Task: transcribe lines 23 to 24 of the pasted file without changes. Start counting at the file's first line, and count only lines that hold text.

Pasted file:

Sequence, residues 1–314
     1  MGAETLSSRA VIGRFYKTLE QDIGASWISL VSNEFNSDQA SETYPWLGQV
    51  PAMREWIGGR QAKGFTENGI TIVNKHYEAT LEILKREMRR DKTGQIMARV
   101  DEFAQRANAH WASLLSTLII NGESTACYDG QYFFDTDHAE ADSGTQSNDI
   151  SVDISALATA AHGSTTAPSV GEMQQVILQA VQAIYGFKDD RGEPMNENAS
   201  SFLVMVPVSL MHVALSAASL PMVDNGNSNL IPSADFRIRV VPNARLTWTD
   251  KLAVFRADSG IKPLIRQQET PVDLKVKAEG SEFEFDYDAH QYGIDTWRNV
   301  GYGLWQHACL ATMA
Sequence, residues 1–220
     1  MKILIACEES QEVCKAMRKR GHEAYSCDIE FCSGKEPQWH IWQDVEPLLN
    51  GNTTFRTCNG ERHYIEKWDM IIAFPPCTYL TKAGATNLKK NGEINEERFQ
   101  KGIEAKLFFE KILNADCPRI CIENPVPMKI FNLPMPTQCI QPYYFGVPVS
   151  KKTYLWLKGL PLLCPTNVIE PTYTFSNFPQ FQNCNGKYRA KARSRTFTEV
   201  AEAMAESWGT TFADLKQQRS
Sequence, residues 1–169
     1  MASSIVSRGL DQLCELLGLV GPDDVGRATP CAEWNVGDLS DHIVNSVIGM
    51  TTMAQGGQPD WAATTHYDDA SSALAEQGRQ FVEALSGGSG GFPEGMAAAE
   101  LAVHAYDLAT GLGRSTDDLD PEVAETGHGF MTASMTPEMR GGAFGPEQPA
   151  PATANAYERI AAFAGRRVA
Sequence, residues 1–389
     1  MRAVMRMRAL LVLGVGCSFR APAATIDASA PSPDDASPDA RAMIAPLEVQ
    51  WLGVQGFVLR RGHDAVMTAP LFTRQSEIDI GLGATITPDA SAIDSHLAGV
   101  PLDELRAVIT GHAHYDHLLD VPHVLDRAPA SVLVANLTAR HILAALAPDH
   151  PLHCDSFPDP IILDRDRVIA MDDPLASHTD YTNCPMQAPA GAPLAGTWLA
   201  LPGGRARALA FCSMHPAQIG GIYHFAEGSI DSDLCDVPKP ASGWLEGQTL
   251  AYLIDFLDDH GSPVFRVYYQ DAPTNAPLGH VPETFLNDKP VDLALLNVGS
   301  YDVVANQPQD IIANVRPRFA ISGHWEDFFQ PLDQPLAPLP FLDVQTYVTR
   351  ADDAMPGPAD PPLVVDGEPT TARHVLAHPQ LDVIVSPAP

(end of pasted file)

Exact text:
   101  PLDELRAVIT GHAHYDHLLD VPHVLDRAPA SVLVANLTAR HILAALAPDH
   151  PLHCDSFPDP IILDRDRVIA MDDPLASHTD YTNCPMQAPA GAPLAGTWLA